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Impressions: Bernd Eberhart
Escape from Delhi
They were so true, all the things I had heard about India before I left. What a country! Especially for a south German small-town boy like me: it is colourful and pulsating and tasty and fascinating and surprising and infinitely versatile. And it is loud and crowded and pushy and smelly and dirty and incredibly exhausting, at times. Especially in Delhi, where I stayed at the newsroom of The Wire for two months, probably one of India’s most promising websites for quality news and in-depth articles.
I had nice colleagues and good times there. And I had the occasional meltdown after yet another day full of unsuccessful attempts of contacting some researcher or expert on one of my topics, of writing hundreds of e-mails without getting any reply, of searching through chaotic university websites that look like they had got their last update in the time of modems and floppy disks, of clicking dead links and calling dead phones. On such days, the only thing that would help was a stroll to the small sweets shop down the road, where my friend Nishit and his father serve the best coffee in town and treat you with a tasty plate of chole bhatura.
At first, I was drawn into the shop by this really old-school espresso machine standing on the counter. It looks like straight out of some steampunky science fiction movie, and I guess it was built sometime in the 1960ies. But it brews delicious, fresh coffee, and for 40 Rupies you get a cup served with nice hot milk froth. And the best thing: No matter how hectic and chaotic Delhi life was for me outside the sweet shop, Nishit was standing calmly behind the counter, weighing and packing sweets, collecting money, making coffee, greeting customers and chatting with me.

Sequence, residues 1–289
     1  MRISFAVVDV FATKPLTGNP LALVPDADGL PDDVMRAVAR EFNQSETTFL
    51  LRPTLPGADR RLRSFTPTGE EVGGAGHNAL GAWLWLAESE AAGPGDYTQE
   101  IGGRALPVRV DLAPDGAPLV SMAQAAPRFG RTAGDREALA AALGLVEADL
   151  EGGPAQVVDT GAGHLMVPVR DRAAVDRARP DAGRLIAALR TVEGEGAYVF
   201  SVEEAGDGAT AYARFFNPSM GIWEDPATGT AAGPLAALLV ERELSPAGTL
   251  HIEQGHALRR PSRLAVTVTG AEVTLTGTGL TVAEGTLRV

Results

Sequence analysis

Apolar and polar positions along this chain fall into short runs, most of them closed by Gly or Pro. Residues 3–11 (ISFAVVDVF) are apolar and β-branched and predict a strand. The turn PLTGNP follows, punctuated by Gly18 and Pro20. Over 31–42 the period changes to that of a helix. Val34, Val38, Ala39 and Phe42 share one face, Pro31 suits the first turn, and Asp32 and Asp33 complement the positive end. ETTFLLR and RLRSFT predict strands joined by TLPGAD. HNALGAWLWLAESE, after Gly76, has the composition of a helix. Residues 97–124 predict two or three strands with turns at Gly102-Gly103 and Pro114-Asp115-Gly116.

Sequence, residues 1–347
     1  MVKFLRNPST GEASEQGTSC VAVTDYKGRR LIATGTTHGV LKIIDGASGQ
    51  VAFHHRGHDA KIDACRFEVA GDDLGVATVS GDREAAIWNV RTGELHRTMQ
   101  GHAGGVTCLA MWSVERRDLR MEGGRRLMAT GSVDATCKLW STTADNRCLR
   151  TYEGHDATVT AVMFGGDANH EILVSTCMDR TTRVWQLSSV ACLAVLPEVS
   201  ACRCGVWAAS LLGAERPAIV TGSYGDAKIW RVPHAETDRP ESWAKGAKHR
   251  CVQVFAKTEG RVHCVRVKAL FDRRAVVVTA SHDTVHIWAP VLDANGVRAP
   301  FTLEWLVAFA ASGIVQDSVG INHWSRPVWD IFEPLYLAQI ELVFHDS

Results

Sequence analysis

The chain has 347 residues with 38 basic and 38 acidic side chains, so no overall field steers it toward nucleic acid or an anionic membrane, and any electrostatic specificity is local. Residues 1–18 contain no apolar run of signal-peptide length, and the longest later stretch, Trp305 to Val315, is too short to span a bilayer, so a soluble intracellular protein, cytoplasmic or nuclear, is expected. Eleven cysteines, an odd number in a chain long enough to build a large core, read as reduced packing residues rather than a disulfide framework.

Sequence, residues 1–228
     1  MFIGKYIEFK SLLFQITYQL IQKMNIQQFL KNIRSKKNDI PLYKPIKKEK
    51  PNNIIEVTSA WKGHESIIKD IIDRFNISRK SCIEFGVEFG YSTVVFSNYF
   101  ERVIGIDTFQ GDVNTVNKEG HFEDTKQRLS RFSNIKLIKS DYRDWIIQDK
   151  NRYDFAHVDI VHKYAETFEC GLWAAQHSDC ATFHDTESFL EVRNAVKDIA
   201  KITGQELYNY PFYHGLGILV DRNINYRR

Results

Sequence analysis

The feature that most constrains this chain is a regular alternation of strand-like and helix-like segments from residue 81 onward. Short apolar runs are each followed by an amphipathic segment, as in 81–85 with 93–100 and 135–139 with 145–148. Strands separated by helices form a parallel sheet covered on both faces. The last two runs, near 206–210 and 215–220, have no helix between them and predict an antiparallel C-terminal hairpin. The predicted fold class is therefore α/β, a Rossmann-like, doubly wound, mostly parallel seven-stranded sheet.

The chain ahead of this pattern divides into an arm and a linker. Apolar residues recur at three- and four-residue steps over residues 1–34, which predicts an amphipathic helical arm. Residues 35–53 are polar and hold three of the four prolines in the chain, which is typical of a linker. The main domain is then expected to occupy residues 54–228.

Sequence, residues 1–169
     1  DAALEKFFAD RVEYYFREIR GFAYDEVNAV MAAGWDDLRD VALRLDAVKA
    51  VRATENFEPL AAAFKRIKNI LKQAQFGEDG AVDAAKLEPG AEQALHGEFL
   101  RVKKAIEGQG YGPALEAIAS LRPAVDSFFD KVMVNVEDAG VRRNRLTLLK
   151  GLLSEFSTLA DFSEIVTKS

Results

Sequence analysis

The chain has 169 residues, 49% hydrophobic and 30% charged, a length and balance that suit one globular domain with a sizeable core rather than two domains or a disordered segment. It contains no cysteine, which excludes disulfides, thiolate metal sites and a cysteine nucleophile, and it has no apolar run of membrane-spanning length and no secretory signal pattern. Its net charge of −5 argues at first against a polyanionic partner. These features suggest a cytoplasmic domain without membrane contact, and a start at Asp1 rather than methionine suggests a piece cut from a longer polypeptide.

Actually, Nishit wanted to become a jeweller – the silver rings on his fingers reveal this passion. But things did not work out quite that way, and soon he had to help his dad with the sweets shop. So now he sells coffee and sweets, saves some money – and one day, maybe, he might be able to fulfil his dream and open up his own jeweller’s shop. Until then, he is happy with what he does: keep calm and serve coffee. The best in town.